DOES IT STACK UP?: A better understanding of the state-wide benefits and costs of containerisation at our port is crucial, the author says. Photo: Max Mason-HubersThe NSW Government has called for feedback on its 2017 draft NSW Freight and Ports Plan. Thisreview is aimedatassuringinvestment in the state’s system of roads, rail, and ports meetsthe needs of freight customers by providing efficient and reliable movement of goods. In the draft plan, thegovernment states that freight in Greater Sydney is projected to double over the next 40 years and increase by 25 per cent in regional NSW in the same period.
Shipping accounts for more than 99 per cent of Australia’s foreign trade by weight. Export of bulk goods, such as coal and grain, dominates in the Port of Newcastle.However, containerised trade nationally has been growing faster than Gross Domestic Productsince the 1990s. Containerised trade will double over the next 20 years according to the Bureau of Transport and Regional Economics.
The Port of Newcastle is the world’s largest coal export port and is one of Australia’s largest ports. It handled 168 million tonnes in 2016. For the Port, the draft plan’s focus is on improving rail and road connections. The plan avoids directly addressing the issue of potential containerisation or its ability to help diversify and grow the Hunter economy. These possibilities have been raised in the Port of Newcastle’s submission in response to the draft plan. Any measures in the NSW Freight and Ports Plan relevant to containerisation at the Port of Newcastle need to be based on evidence and must reflect a broad view of potential flow-on impacts.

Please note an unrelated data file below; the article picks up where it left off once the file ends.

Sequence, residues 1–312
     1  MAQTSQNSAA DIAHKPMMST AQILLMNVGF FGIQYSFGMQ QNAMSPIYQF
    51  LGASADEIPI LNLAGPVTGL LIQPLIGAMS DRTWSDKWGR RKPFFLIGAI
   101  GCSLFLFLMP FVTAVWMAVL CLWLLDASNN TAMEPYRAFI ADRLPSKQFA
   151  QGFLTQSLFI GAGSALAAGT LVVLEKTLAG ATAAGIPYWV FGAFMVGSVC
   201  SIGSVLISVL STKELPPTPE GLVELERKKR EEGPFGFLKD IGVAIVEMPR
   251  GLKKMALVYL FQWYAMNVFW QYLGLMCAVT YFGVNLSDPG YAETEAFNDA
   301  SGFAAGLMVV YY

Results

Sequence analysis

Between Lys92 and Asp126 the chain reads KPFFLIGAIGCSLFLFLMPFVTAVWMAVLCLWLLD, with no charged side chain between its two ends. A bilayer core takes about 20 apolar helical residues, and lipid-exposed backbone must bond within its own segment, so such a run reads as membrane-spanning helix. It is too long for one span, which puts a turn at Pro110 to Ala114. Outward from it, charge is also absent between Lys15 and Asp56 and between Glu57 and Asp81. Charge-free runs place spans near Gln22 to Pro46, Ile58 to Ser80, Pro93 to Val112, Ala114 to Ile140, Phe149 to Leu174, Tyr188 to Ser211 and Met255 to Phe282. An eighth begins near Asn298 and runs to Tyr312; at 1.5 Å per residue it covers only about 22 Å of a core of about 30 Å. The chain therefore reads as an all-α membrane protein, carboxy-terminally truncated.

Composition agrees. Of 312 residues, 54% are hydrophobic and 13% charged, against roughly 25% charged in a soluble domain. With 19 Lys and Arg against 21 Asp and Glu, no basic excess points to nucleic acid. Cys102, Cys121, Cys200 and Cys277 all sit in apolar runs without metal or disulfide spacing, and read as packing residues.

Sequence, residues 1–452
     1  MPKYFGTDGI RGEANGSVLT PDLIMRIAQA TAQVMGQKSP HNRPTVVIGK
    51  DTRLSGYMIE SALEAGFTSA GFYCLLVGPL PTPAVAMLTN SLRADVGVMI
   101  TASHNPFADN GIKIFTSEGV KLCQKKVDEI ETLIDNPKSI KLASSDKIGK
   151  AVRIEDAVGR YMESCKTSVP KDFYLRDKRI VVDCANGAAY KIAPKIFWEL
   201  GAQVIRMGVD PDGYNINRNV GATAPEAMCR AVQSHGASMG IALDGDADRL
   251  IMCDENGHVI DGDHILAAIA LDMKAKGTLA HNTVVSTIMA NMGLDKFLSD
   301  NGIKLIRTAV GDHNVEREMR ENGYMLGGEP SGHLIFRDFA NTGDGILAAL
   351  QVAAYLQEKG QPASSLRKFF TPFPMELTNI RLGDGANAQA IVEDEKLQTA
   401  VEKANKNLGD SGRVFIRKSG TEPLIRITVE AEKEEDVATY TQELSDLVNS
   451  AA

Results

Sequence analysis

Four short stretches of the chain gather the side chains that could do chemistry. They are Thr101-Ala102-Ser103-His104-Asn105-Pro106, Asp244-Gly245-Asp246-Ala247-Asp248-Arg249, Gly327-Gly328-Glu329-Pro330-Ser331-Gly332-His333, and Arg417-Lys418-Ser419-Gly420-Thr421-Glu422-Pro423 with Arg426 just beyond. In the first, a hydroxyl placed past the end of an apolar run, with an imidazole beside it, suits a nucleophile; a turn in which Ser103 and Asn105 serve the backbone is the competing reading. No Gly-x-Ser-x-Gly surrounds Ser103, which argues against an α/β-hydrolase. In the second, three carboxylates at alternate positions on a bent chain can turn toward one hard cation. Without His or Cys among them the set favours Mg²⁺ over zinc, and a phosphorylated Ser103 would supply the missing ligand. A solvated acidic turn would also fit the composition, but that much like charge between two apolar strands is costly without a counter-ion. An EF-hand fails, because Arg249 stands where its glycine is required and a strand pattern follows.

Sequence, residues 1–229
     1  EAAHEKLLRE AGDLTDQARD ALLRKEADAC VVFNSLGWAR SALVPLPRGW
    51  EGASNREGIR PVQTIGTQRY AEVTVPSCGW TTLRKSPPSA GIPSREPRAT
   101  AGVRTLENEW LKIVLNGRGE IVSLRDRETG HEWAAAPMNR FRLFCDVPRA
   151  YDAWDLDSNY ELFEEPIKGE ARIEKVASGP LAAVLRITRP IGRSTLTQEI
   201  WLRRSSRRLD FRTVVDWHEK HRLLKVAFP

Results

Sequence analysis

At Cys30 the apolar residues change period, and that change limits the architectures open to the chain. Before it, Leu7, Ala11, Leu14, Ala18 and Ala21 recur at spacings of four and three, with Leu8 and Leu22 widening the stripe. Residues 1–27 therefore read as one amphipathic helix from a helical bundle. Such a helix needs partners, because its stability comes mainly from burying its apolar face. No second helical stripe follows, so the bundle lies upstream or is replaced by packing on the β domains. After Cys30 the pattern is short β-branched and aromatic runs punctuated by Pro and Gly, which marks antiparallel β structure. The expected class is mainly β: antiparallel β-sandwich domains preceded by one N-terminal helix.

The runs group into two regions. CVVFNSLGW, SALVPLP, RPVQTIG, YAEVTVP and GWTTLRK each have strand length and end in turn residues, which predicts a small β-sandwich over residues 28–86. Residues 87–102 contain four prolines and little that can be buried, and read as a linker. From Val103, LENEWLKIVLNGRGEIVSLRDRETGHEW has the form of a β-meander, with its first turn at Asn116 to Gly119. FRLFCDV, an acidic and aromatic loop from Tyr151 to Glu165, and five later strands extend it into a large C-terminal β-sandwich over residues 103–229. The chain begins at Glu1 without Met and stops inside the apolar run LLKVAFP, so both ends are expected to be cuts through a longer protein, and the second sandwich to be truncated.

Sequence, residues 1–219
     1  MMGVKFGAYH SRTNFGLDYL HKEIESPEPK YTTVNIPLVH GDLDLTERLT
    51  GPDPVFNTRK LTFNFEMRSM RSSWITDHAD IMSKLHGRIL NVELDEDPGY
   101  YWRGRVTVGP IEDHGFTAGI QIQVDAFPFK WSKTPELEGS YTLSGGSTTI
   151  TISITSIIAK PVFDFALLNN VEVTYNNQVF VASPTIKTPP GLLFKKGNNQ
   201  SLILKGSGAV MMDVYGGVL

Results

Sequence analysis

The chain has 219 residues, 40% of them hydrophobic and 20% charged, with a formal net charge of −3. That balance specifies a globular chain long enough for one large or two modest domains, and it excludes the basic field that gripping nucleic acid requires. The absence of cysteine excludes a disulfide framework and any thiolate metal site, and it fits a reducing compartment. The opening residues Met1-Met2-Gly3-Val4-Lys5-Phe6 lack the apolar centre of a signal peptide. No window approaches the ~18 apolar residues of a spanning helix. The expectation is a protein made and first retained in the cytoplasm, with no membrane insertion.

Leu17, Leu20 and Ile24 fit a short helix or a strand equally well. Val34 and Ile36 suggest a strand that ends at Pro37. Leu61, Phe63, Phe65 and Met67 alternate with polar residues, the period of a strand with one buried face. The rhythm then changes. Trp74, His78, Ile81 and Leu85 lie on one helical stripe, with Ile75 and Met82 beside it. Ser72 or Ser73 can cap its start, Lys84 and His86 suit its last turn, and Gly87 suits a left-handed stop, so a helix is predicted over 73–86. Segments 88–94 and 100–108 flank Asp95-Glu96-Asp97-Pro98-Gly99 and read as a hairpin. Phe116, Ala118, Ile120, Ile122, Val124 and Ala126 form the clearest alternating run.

A container terminal at the Port of Newcastle appears to offer economic advantages for the Hunter region, for northern NSW and potentially for Sydney. Benefits could include greater access to international markets for the agricultural and manufactured products in the region and to the north, more effective use of rail infrastructure, and relieved congestion in Sydney. However, a more detailed assessment is required to identify where the benefits and potential costs will fall, including flow-on impacts of this option for the Sydney metro region and regional NSW.
The Upper Hunter, for example, has a number of industries, including agriculture – grains, beef and dairy – that would benefit from greater access to domestic and international markets. Such access could be afforded by port containerisation. The government has identified opportunities for the development of new commodities – poultry, oil seeds and industrial hemp, among others. Their shipment would be facilitated by the rail network for thermal coal that already connects the Upper Hunter to the Port of Newcastle. Containerisation facilities at the Port would enhance connections to the Asia-Pacific and allow both Hunter and Upper Hunter industries to reach markets in Australia and abroad.
An initial HRF Centre review of national and international evidence has indicated that container ports contribute significantly to their local economy through output, value add, direct and indirect employment, income and taxes. The research also documented expected burdens, such as the cost of infrastructure development and consequences of increased road, rail and sea traffic.
The NSW government needs a better understanding of the state-wide benefits and costs. Also needed is a much more sophisticated assessment of the distribution of them within the region. These elements are not present in the draft plan. It would be wise to include them before making investment decisions relating to infrastructure that potentially offers widespread benefits.
Dr Anthea Bill is Lead Economist at HRF Centre